Boiling fuel does not mean you have an air leak. Boiling fuel will occur if you exceed the boiling point.
The boiling point will increase as pressure increases. What is your fuel pressure at idle?
The fuel will also boil if your block/pump is to warm. Was your engine/pump cold to the touch while fuel was "boiling"?
I have experienced fuel boiling with the new gasolines. A winter blend will boil very easy. In my case I took steps to reduce engine and underhood temps.
If fuel arrives to the pump under positive pressure then air can not leak into the fuel line. Some things that prevent positive pressure at the pump inlet:
1. Gas tank not vented.
2. Fuel line restricted or too small.
3. High pressure drop filter upstream of pump.
4. Fuel tank sock plugged.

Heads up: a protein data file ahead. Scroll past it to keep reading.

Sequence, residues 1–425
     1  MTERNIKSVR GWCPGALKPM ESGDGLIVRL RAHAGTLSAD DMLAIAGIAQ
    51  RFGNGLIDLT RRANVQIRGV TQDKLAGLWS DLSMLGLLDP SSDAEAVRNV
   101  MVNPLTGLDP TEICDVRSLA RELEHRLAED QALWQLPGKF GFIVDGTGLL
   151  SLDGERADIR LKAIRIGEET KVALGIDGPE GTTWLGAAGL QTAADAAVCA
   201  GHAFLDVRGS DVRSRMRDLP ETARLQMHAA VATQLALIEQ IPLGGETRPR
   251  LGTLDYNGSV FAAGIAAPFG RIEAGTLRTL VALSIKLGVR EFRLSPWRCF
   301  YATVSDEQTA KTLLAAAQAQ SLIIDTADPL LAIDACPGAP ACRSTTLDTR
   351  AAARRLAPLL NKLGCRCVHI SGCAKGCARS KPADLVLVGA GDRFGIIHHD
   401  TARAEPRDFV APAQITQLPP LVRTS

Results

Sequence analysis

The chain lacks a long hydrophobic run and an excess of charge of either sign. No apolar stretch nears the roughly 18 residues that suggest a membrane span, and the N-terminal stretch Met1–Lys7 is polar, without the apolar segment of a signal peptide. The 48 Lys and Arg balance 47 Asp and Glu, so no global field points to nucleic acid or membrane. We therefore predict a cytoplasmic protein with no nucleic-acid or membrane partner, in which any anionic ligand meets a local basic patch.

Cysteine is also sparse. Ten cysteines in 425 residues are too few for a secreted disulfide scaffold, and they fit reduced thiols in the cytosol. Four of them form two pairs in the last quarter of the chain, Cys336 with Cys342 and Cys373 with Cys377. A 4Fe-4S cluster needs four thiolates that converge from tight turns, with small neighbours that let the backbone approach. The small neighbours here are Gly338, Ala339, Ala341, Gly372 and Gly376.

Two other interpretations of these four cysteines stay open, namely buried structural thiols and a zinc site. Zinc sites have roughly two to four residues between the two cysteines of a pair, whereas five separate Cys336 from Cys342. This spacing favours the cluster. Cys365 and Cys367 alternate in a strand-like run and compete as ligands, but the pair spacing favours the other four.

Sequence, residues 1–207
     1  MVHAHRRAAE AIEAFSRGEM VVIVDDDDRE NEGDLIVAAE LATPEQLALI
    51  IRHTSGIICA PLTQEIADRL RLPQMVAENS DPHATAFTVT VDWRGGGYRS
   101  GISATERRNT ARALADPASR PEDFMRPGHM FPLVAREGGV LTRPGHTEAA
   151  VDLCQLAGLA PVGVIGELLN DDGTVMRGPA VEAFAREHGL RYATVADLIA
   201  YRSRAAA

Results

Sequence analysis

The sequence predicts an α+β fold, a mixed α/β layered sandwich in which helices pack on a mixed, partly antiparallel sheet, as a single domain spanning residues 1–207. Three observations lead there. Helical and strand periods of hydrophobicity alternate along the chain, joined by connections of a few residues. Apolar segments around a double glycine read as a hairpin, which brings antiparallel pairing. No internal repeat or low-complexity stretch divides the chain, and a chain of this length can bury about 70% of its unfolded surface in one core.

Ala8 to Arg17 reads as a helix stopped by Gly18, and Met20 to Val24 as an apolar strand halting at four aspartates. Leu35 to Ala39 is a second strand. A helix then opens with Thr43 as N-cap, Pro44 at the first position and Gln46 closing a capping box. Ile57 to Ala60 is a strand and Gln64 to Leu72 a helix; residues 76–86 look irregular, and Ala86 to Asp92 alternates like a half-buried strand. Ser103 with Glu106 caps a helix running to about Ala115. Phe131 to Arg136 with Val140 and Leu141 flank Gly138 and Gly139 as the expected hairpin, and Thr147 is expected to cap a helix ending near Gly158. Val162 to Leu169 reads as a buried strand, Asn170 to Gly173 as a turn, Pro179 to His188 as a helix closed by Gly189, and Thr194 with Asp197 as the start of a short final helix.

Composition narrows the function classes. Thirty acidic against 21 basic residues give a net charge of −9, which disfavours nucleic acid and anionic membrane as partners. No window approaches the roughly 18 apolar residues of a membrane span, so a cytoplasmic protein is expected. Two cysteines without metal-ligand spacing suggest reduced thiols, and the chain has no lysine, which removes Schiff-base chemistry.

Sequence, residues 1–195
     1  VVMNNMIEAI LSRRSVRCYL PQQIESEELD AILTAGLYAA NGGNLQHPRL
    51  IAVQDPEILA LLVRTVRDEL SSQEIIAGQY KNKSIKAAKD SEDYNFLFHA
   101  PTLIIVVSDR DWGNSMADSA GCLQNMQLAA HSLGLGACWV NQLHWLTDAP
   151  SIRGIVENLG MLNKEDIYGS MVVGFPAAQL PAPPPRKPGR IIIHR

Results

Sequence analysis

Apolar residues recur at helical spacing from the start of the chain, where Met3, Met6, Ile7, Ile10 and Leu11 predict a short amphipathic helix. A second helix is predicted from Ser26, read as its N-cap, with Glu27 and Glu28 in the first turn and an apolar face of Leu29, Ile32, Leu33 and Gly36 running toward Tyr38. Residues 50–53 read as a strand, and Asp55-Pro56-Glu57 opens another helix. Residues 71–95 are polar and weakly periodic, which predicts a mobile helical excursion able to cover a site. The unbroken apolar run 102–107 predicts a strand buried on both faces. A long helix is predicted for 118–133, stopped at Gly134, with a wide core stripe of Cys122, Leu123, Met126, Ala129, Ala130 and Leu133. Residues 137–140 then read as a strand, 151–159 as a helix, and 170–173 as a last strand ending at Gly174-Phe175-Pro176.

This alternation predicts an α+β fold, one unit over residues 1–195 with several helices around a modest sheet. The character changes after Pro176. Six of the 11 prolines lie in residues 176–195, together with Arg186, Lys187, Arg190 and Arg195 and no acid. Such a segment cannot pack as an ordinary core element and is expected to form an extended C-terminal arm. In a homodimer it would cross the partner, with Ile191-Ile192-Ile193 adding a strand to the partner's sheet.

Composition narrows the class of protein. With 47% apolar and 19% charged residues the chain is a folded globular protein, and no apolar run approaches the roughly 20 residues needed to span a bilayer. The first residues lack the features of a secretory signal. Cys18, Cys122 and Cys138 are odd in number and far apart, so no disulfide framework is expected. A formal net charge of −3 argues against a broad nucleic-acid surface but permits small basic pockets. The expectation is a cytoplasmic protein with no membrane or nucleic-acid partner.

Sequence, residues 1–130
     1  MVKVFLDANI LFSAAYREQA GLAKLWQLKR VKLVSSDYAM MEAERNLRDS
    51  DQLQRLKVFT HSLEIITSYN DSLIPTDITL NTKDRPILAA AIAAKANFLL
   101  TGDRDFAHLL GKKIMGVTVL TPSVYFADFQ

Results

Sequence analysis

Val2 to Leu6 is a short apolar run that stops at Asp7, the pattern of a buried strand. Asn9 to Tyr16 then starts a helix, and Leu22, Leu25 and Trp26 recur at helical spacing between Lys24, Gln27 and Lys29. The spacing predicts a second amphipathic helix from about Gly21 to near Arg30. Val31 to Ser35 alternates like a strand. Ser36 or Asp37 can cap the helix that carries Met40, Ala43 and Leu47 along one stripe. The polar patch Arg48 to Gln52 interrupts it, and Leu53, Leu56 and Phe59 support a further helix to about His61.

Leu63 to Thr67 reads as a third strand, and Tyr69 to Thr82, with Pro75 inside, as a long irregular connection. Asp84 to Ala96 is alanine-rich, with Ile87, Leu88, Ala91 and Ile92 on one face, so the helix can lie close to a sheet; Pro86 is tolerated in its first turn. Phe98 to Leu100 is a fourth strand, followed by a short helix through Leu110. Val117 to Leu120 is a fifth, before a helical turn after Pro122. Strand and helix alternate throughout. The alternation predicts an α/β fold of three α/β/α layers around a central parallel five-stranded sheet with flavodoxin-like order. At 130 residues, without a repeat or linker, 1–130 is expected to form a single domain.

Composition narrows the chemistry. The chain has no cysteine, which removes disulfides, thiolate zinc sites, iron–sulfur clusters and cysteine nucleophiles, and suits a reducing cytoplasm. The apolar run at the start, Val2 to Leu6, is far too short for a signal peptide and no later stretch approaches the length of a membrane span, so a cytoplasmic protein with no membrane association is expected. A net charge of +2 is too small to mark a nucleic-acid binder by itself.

5. Climbing a steep grade.
6. Fuel tank lower elevation than fuel pump.
7. Carb calling for more fuel than system can deliver.
If your system does not provide positive pressure to the pump suction then your pump may cavitate in severe cases then form bubbles and low flow. Your car should have positive pressure to the pump during idle, if your fuel level is higher than your pump and your tank is vented. Is your fuel level higher than the pump?
Your fuel was boiling at idle with a cold to the touch fuel pump?
In idle the fuel pump is not moving fuel most of the time; instead the pump is dead headed. If your fuel pump is cold to the touch and the fuel is "boiling" I would think it would be caused from the energy the pump is putting into the dead headed fuel; thus not the root cause of your engine stall.
That being said, you did not mention the possibility of a leaky diaphragm.
When you assembled the fuel pump was the pump spring in the correct tension state while installing the diaphragm? Was the diaphragm new or old stock?
Last edited by 001mustang; 06-20-2009 at 01:45 AM.